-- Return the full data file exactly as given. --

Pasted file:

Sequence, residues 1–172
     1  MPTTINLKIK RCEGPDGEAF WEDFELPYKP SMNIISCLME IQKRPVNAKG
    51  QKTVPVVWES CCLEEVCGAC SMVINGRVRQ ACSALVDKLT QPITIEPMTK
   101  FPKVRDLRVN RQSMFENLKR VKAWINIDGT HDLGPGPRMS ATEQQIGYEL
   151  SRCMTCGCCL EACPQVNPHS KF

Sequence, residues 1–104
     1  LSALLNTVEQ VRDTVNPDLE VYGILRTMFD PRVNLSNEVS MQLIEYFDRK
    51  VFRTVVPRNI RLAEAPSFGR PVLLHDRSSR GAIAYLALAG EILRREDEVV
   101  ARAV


Sequence, residues 1–172
     1  MPTTINLKIK RCEGPDGEAF WEDFELPYKP SMNIISCLME IQKRPVNAKG
    51  QKTVPVVWES CCLEEVCGAC SMVINGRVRQ ACSALVDKLT QPITIEPMTK
   101  FPKVRDLRVN RQSMFENLKR VKAWINIDGT HDLGPGPRMS ATEQQIGYEL
   151  SRCMTCGCCL EACPQVNPHS KF

Sequence, residues 1–104
     1  LSALLNTVEQ VRDTVNPDLE VYGILRTMFD PRVNLSNEVS MQLIEYFDRK
    51  VFRTVVPRNI RLAEAPSFGR PVLLHDRSSR GAIAYLALAG EILRREDEVV
   101  ARAV